Whenever I travelled on a trip where I did not have to DJ. Do you get nervous travelling so much in a time of global instability?
Not at all. I used to work in the airline industry and travelled around the world quite a bit, so I kind of take the travel for granted. I guess I leave it up to fate. Does your mum tell you to be careful?
Always! mums will be mums. Do members of your family come to your gigs?
The first time my parents ever saw me up on the decks was just last month, when I played on the top of a mountain called Genting Highlands in Malaysia. It's a popular tourist destination with a huge casino up there - kind of like Las Vegas in the sky! So my parents decided to kill 2 birds - see their kid DJ to 7000 clubbers and have a go at the jackpot machines! When did you become a full time dj?
When I joined the Zouk residency back in 1996. Was it a gradual process or did it happen overnight?
My parents bought me my first pair of decks back in 1984, so I was already DJing since then. Back in the day, I was part of a small mobile disco business, and I was DJing on all the gigs, so over the years, I gained a whole lot from those experiences. What are wages like now compared with five years ago?
Probably about 25-35% lesser than now. In fact, back then in Singapore, there wasn't any opportunity for bedroom DJs to have a chance to play in the clubs. You had to be a resident. These days, bedroom DJs have loads of avenues to play to a crowd in a proper club. If djs got paid half as much money, would you still do it?
Yes as it's more of a passion than anything else. I had to take a pay cut from my previous job when I took on the Zouk residency, so money was definitely not the driving factor. Do art and commerce mix?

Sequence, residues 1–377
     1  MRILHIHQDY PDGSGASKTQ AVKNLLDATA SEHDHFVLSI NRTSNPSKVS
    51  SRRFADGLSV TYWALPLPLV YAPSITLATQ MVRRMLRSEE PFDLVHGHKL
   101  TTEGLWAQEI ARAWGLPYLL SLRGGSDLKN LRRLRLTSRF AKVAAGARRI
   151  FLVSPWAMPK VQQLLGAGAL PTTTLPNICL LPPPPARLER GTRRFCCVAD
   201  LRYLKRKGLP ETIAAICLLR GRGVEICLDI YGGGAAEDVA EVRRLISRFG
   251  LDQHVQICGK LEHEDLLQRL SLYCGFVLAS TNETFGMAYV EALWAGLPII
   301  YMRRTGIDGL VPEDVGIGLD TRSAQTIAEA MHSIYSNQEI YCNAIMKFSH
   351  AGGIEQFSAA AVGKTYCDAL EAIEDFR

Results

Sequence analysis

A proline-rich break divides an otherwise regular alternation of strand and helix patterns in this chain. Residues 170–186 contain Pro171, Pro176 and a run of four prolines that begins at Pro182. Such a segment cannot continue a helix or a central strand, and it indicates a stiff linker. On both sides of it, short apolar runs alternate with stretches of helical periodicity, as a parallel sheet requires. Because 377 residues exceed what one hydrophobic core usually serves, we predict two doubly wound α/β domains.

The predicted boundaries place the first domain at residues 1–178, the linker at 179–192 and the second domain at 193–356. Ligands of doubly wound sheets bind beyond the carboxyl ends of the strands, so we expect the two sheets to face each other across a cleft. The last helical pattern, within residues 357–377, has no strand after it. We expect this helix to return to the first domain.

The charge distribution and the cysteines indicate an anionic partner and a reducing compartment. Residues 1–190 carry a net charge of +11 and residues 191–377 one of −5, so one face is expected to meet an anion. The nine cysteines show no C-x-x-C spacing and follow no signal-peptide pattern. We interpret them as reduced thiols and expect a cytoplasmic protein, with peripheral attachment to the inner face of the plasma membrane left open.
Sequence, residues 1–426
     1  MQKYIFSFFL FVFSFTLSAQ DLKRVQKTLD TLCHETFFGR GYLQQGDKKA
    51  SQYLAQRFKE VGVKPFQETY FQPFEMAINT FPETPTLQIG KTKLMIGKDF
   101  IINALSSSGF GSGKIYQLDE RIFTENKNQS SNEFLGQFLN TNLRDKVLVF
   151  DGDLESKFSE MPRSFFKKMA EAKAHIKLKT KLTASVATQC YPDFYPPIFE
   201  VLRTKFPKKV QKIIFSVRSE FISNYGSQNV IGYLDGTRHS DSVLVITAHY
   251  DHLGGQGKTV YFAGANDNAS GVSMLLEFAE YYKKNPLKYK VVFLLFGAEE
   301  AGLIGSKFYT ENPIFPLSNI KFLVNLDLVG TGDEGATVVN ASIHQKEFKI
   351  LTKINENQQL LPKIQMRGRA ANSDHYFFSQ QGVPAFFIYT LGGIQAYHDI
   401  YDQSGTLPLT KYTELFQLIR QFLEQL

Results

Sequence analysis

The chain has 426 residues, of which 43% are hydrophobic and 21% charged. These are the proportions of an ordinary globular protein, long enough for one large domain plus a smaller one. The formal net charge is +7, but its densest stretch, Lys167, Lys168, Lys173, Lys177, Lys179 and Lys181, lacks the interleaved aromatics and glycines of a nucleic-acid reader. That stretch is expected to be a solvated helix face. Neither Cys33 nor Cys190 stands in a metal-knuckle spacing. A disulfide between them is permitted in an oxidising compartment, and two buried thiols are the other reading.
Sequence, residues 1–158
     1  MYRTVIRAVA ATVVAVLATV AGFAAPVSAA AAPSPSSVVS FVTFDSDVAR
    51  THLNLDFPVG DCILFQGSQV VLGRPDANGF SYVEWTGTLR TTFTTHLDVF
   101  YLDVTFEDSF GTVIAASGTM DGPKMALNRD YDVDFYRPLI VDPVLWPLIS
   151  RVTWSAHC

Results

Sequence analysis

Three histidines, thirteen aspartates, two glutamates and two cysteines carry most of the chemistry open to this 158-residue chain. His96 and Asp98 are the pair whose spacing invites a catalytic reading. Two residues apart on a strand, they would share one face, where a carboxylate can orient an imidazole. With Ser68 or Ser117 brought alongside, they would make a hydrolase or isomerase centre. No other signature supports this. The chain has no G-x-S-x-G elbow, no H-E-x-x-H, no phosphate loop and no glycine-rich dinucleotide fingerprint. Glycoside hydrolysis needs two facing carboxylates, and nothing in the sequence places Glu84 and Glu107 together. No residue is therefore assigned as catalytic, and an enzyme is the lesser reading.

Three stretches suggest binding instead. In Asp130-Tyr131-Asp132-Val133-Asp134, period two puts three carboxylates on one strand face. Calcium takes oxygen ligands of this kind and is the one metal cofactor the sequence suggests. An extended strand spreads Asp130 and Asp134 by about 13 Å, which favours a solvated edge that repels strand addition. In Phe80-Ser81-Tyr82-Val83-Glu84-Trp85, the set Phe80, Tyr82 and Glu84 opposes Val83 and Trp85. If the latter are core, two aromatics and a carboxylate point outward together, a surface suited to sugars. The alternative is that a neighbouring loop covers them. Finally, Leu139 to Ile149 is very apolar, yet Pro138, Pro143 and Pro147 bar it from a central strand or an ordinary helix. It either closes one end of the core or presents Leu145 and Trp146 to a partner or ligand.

Yes of course they mix, and very well I must say! What's the scene like in Zurich? How was the Space party there on the 13th? What's club Q like? What sort of people go? How does it compare with other clubs around the world, like Zouk?
It was my first time playing in Zurich. I've heard about Club Q but didn't really want to have any expectations. It was interesting to see the club go off only after 2am, as that's close to the 3am closing time here in Singapore. The after hour vibe was obvious, and the clubbers were moved by the deeper, dubbier, and techier end of the house spectrum. Zouk is much bigger in size, with 3 rooms playing different genres of music, catering to a wide variety of people. You don’t get the afterhour vibe at Zouk – dancefloor action only happens between 11pm-3am.. and it’s pretty much a drug free dancefloor – so that’s the big difference![center] Holz @ a Club Q pool party in Ibiza, 12.09.03 Sam & Steff
[/center] How did Zouk get such a good name for itself? Is it the most famous club in South East Asia?
I believe its through word of mouth from all the DJs that have played here. The crowds here sure know how to give DJs a warm welcome and a very good impression. Also, the management prides itself on a very strong team in all areas of the business – from the DJ bookings to non-DJ events; flyers to décor; architecture to interior design; bar staff to security and even valet; there’s attention to detail. Zouk is the most famous club in South East Asia? I guess that’s because we’ve been doing this for the past 12 years, and the club is still a leader in its field, and is constantly reinventing itself. What's the attitude of the authorities to the dance scene in Singapore? What effect does the laws against homosexuality in Singapore have on the night life?
As it’s still a pretty much drug free society here, the government has been very supportive of the local dance scene. The Singapore Tourism Board even played a big part in our recent ZoukOut festival which attracted more than 15,000 clubbers. The authorities here these days have been pretty relaxed on the local Gay population. In the last few years, watering holes specifically targeted at Gays and Lesbians have been popping up all over the city. Gay & lesbian groups have even organized parties and outdoor events without much trouble from the government. What are you doing tonight?
Tonight we're having Danny Howells play a 4 hour set in the main room. He's here to promote his latest 24:7 mixed CD for Global Underground. It's going to be a massive night as he's not been here for a while and the clubbers are really looking forward to it. What are you doing on NYE?
NYE is a one of the biggest event on our calendar. We've yet to finalize our line up for that night but I'll definitely be at Zouk, as it's sure going to be a big bang. Peace aldrin[center]
Paul @ Pacha 12.09.03
Cheers to Dave Brophy from yougotspotted.com for all the Pacha pics. Mike Stuart collected the rest[/center]